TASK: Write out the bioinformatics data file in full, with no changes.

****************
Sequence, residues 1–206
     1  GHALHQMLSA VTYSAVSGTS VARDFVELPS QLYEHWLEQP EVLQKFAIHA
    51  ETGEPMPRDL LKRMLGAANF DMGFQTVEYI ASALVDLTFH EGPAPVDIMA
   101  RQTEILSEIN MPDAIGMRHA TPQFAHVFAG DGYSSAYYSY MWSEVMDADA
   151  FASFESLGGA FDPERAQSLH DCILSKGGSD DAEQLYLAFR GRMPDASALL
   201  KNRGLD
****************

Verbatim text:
Sequence, residues 1–206
     1  GHALHQMLSA VTYSAVSGTS VARDFVELPS QLYEHWLEQP EVLQKFAIHA
    51  ETGEPMPRDL LKRMLGAANF DMGFQTVEYI ASALVDLTFH EGPAPVDIMA
   101  RQTEILSEIN MPDAIGMRHA TPQFAHVFAG DGYSSAYYSY MWSEVMDADA
   151  FASFESLGGA FDPERAQSLH DCILSKGGSD DAEQLYLAFR GRMPDASALL
   201  KNRGLD